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When does speeding become reckless driving in Florida?
When does speeding become reckless driving in Florida?

When does speeding become reckless driving in Florida?

On Behalf of | Jul 9, 2021 | Speeding And Reckless Driving |

Speeding is a civil infraction that carries a financial penalty and adds points to your license. Receiving too many speeding tickets could increase your insurance costs or even prevent you from maintaining a commercial driver’s license.

Reckless driving, on the other hand, is a criminal offense. It is usually a misdemeanor, which means that the penalties it carries include jail time, probation and fines. Repeat offenses, property damage or injury to others can increase the charges and consequences. In cases where reckless driving leads to serious bodily injury, it becomes a third-degree felony, punishable by up to five years in prison and $5,000 in fines.

Police officers who conduct traffic stops may decide to cite someone for speeding, or they may arrest them and charge them with reckless driving in certain cases. What is the difference between reckless driving and speeding in Florida?

There is no specific rule for speeding as reckless driving

Florida state law has a clear definition of reckless driving. Anyone who operates a motor vehicle with willful and wanton disregard for the safety of others it’s a reckless driver. Willful means that someone recognizes how dangerous their actions, like driving at 70 miles an hour in a residential neighborhood, might be. Wanton essentially means they chose to disregard the risk and continue the behavior.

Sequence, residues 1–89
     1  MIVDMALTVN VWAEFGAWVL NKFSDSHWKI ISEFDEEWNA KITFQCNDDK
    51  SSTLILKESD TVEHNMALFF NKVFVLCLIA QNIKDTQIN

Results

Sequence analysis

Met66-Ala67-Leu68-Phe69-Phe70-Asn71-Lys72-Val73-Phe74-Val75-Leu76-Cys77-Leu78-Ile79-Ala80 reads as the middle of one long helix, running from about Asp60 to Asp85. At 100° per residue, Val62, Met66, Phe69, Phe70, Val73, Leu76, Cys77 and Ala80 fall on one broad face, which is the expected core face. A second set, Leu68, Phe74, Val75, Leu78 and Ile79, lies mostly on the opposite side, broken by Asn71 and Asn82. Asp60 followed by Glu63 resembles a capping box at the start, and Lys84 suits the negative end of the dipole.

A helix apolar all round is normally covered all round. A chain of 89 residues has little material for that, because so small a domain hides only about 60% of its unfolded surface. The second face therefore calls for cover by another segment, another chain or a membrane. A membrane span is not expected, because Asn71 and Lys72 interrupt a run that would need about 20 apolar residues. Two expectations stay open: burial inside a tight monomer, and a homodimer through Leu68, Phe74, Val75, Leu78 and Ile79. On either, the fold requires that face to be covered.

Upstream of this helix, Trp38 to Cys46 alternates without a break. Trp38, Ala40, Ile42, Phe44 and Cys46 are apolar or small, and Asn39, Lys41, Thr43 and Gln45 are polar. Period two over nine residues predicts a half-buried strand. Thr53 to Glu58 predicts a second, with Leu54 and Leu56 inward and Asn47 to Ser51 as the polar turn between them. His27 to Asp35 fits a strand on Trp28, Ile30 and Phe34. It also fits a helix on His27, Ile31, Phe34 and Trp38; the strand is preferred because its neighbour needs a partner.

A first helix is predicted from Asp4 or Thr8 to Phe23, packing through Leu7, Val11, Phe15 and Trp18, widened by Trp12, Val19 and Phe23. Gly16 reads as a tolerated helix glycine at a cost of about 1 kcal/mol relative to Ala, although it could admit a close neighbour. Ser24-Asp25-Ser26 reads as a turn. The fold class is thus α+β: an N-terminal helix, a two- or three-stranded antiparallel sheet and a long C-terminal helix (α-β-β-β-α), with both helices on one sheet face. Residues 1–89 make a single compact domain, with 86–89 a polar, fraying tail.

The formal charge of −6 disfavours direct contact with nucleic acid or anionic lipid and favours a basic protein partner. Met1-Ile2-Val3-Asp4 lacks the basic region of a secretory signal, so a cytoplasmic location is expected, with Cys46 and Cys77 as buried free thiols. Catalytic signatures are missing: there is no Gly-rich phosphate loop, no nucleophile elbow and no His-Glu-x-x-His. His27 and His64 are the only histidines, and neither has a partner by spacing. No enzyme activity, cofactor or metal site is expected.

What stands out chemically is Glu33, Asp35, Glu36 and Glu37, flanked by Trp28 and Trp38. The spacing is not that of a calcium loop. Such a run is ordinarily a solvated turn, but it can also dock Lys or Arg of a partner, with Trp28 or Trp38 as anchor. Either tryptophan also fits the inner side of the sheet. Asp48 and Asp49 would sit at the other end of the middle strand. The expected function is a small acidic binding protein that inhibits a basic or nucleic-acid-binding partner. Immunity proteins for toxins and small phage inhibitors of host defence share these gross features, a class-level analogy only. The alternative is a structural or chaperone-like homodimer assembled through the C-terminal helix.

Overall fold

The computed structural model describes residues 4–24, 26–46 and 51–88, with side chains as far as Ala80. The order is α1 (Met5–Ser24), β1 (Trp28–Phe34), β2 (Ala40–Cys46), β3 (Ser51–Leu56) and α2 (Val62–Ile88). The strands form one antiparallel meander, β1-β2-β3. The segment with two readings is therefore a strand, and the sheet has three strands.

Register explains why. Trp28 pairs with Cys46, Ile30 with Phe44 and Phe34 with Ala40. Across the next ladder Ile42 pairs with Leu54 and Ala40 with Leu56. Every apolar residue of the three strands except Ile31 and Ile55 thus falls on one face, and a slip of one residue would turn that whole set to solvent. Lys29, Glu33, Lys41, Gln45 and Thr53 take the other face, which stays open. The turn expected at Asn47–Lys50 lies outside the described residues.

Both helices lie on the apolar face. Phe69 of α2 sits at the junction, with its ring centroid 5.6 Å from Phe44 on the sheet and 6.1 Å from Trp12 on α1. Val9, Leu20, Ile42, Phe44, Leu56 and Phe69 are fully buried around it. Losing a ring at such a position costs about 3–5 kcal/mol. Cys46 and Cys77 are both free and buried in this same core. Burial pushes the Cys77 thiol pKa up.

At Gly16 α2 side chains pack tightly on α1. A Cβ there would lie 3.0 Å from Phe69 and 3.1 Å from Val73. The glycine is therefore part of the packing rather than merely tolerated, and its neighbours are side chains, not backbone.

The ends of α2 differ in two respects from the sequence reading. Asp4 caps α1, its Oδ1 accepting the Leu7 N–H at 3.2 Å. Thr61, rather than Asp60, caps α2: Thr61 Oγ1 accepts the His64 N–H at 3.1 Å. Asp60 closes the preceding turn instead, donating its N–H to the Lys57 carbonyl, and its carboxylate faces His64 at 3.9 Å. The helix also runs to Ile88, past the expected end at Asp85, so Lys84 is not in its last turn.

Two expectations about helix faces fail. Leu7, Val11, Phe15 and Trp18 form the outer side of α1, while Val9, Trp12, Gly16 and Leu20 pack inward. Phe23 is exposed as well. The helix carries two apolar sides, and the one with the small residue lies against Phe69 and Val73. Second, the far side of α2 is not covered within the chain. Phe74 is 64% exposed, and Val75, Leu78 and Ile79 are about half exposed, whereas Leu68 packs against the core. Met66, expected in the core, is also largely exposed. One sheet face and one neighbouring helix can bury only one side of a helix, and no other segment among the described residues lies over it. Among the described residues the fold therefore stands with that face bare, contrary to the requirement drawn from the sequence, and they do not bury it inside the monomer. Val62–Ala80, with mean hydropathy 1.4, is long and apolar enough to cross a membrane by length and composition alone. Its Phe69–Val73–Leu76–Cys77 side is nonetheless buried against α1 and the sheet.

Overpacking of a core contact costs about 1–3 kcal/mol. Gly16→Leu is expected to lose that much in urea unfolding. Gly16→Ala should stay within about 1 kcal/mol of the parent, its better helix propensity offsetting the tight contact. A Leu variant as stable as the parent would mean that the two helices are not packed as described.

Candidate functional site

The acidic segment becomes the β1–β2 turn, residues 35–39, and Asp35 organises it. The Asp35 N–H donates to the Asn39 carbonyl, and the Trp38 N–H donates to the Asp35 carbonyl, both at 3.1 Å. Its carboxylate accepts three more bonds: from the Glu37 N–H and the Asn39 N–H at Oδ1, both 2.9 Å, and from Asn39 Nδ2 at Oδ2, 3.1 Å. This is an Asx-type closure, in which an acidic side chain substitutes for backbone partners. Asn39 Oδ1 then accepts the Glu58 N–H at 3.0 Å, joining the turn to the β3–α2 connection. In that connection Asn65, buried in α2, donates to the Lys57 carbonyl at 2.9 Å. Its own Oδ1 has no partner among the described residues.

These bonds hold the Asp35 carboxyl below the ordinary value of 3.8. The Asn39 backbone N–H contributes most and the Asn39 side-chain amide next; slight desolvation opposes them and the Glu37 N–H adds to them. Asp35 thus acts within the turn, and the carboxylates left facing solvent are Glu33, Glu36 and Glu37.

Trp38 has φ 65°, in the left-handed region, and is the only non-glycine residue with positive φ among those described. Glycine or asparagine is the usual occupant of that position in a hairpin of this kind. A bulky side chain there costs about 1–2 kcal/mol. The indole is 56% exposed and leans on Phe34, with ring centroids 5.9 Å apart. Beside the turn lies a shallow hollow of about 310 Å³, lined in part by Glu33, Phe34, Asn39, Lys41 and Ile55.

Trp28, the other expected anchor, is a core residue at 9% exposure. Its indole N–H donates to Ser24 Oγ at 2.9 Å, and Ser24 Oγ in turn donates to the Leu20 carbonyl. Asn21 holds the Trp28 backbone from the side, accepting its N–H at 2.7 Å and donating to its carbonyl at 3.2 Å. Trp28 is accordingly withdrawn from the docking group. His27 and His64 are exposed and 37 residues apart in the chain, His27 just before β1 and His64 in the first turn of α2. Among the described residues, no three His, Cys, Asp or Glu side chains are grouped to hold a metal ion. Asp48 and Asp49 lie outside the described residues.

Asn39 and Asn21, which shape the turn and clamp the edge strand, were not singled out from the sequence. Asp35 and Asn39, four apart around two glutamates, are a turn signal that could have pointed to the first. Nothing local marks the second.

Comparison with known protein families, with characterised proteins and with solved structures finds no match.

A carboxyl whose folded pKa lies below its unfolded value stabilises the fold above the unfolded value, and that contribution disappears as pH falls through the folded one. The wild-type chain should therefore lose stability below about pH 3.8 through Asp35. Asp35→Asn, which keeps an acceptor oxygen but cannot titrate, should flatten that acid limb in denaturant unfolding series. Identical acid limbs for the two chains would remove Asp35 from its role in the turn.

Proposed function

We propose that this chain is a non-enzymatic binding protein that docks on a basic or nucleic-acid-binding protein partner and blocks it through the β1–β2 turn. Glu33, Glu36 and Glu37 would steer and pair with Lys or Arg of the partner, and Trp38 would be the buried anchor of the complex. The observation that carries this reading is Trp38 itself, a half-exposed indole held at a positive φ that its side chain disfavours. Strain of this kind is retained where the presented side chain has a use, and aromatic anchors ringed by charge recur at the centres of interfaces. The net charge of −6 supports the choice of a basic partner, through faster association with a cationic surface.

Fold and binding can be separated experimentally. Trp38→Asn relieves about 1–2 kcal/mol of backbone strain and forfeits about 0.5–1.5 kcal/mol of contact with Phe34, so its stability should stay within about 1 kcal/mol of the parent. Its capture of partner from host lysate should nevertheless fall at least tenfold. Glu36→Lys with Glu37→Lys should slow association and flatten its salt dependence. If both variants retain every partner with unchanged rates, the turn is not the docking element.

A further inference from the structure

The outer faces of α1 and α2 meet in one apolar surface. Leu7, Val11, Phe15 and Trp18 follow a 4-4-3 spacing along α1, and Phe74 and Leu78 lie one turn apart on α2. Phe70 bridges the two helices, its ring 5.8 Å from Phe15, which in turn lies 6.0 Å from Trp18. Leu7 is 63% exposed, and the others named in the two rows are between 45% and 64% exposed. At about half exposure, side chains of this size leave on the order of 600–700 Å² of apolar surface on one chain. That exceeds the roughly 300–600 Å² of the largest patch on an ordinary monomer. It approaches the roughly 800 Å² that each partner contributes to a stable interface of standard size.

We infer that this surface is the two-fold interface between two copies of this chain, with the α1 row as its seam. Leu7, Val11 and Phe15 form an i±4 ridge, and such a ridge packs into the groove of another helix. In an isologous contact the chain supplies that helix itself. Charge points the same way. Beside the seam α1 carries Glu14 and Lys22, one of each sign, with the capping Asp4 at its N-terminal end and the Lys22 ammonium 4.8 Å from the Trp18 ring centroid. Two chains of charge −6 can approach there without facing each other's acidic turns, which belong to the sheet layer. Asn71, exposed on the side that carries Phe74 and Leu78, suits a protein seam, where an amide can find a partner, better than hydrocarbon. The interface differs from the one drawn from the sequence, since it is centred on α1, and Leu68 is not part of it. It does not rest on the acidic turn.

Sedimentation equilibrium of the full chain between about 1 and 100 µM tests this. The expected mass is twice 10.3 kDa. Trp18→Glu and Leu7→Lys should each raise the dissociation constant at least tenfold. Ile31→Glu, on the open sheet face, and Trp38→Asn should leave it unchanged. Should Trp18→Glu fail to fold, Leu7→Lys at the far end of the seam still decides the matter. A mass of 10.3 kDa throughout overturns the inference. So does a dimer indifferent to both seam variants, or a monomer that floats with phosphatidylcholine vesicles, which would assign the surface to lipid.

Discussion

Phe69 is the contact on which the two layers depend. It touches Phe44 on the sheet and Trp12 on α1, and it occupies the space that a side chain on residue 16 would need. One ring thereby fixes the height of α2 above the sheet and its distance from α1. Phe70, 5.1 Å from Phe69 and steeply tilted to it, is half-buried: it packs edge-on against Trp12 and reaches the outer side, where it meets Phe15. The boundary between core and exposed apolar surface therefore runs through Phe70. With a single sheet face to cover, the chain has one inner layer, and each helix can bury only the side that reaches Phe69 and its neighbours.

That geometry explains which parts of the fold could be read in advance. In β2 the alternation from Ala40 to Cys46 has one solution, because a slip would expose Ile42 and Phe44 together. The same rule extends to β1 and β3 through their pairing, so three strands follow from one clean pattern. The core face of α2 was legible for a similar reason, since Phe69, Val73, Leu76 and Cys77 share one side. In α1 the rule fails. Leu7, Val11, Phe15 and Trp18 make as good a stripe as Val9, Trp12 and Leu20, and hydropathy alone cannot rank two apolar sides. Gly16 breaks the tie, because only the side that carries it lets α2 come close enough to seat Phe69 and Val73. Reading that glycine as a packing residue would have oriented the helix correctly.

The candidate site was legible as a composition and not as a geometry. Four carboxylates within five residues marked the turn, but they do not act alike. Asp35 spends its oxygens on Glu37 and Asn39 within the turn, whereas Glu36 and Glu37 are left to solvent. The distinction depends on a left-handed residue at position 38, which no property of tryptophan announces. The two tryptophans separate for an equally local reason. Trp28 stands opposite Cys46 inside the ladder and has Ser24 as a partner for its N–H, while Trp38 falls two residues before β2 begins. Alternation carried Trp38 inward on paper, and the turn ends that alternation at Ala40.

For someone to face allegations of reckless driving, they usually need to do something that seems obviously unsafe to police officers or other people. In some states, there are reckless driving rules that established a specific number of miles per hour at which speeding becomes reckless driving. Florida does not have such a rule.

Prosecutors have to show that the speed alone was dangerous enough to put others at unnecessary risk. There have been many court cases related to reckless driving and speeding. The standard currently accepted by the Florida courts is that the speed must be grossly excessive to qualify as reckless driving.

Given the relatively strict attitude of the Florida courts about speeding as a form of reckless driving, you may be able to defend yourself against pending charges. Understanding how the state defines the offense and how it has handled previous cases like your own can help inform your response to reckless driving charges.

 

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